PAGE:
Canine distemper is a serious disease caused by a highly contagious virus that attacks the respiratory system, gastrointestinal and nervous dogs. The virus also infects wolves, coyotes, foxes, raccoons and other wild animals of the canine family. Young dogs are more prone to this infection. Adult dogs can also become infected but less frequently. Over 50% of dogs who contract this disease die from it. Additional information at James A. Levine, M.D. supports this article. In the case of puppies, the chances of survival are only 20%. And in the case of dogs survive, it is likely that their health is ruined forever. It is not something Fracking Facts would like to discuss. Distemper impaired immune system leaves little chance to recover.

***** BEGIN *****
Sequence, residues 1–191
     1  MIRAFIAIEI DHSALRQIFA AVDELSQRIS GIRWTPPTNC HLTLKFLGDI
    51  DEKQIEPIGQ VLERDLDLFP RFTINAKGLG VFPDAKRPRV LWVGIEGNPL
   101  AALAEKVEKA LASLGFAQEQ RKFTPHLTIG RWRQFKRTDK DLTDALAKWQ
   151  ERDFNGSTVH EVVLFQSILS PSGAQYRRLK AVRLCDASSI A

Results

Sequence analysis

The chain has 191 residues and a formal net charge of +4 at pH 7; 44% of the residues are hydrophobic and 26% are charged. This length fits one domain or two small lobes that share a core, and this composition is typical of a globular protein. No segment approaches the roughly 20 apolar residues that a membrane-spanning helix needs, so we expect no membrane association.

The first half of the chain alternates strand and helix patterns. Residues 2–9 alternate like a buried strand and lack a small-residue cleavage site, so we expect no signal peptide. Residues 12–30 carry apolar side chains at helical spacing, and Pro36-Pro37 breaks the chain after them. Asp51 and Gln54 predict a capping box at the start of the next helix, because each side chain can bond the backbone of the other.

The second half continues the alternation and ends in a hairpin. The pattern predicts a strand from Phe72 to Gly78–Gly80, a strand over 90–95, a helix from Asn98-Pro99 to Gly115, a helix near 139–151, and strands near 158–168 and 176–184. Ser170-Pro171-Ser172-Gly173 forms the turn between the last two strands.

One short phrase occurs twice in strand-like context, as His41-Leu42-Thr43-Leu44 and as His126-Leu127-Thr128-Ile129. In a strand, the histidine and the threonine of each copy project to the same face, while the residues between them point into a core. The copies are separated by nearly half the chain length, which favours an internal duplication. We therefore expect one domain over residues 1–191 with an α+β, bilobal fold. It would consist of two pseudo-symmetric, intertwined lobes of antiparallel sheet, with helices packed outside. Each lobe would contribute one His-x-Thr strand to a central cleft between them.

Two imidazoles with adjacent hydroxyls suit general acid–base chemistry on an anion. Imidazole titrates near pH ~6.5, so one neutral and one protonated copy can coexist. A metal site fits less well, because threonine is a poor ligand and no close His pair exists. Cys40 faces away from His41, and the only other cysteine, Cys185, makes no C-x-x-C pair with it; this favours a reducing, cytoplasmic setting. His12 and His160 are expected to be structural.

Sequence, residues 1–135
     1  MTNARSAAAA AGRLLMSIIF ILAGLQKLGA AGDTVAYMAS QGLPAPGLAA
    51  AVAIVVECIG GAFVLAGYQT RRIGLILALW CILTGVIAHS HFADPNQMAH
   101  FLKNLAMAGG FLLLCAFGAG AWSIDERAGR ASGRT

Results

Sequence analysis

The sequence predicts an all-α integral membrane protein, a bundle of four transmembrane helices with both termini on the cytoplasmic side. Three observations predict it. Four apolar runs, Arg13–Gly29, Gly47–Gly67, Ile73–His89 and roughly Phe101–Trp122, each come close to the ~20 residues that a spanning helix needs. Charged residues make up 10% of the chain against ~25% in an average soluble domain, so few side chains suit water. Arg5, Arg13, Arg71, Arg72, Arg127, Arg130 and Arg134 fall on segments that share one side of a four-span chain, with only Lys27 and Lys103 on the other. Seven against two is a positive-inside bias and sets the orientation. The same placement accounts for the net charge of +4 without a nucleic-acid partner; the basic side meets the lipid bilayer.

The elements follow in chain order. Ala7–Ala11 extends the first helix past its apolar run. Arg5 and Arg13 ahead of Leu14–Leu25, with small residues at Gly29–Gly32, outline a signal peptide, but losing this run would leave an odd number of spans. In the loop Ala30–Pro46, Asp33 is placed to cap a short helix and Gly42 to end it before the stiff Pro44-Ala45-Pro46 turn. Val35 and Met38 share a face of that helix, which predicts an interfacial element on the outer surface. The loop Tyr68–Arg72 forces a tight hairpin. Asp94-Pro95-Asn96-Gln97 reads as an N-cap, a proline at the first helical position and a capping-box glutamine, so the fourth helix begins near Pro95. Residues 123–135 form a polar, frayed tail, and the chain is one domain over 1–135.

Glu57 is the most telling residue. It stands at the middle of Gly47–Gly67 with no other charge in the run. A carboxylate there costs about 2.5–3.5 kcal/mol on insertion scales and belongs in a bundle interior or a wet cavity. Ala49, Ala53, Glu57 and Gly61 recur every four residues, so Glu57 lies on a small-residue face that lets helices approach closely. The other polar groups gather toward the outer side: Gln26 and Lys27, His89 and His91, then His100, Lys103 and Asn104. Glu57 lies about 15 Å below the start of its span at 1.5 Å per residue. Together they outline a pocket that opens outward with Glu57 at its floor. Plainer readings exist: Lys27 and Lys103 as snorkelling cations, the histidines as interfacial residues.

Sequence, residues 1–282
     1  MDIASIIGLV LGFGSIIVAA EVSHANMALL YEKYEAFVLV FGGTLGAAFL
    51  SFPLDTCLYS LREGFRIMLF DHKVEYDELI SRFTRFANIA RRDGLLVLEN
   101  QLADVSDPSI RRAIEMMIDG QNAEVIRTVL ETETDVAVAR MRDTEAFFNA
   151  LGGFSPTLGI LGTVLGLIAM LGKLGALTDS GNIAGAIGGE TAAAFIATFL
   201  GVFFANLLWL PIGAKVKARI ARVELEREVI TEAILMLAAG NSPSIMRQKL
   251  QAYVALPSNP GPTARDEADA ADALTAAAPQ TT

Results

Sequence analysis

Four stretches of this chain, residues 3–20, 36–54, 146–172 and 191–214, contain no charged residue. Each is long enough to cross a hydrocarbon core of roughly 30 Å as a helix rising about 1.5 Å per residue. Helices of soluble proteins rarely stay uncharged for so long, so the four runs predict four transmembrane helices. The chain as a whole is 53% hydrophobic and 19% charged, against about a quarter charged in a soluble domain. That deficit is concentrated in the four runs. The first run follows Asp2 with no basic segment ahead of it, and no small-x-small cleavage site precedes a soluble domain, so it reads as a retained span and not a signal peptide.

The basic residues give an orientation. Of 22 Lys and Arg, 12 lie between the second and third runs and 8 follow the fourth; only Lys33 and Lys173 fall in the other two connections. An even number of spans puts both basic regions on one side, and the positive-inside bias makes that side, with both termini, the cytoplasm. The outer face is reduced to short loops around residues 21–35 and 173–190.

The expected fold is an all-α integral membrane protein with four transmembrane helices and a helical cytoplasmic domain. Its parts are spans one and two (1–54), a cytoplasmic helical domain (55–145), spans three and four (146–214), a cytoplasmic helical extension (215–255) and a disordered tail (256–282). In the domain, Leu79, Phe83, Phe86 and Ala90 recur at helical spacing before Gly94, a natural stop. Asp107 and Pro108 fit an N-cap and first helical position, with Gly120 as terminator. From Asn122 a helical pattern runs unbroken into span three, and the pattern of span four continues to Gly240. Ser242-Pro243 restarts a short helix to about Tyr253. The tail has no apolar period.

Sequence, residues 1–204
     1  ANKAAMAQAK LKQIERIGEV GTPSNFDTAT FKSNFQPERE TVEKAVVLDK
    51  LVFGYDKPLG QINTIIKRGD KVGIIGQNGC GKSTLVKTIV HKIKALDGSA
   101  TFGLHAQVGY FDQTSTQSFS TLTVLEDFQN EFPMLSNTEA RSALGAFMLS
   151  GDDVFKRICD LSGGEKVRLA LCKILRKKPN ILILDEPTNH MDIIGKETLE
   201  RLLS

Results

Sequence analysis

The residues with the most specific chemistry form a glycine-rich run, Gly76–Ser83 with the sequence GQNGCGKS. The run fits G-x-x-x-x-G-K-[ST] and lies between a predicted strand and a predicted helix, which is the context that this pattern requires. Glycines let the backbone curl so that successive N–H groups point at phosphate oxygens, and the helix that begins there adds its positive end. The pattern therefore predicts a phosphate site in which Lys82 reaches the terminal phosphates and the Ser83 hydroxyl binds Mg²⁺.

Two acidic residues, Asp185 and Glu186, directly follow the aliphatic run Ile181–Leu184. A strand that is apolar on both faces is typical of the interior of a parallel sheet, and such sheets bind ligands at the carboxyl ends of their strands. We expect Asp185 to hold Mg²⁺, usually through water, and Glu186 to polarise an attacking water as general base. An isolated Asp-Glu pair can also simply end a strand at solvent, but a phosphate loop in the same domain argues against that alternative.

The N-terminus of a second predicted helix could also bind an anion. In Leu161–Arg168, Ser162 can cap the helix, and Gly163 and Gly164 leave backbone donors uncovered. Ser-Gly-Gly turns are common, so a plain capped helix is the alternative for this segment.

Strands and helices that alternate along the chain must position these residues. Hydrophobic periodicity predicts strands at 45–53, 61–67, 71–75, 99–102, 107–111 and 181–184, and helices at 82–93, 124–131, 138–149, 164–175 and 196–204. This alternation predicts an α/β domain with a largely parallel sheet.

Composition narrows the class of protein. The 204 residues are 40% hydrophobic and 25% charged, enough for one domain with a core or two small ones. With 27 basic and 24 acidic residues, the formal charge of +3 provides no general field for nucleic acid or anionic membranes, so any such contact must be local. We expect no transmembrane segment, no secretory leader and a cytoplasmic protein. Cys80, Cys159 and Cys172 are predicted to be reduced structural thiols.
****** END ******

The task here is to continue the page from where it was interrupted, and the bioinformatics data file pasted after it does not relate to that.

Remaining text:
The most common effects are partial or complete paralysis, impaired sense of smell, hearing and sight. Infected dogs are more prone to other diseases like pneumonia. Canine distemper is not transmitted to humans. PCRM describes an additional similar source. Canine distemper virus is usually contracted by contact with eye and nasal mucosa of infected dogs. Exposure to urine and feces of infected dogs can also spread it. Even when not in contact with infected dogs, a healthy dog can get the virus just by being in kennels or other areas where infected dogs have been. These areas may still hold the virus in the air keeping it alive for long. It is almost impossible to prevent your pet is exposed to the virus. Some scientists claim that every dog of 12 months of age has been in contact with the virus at least once. The symptoms of this cruel disease is not necessarily easy to detect.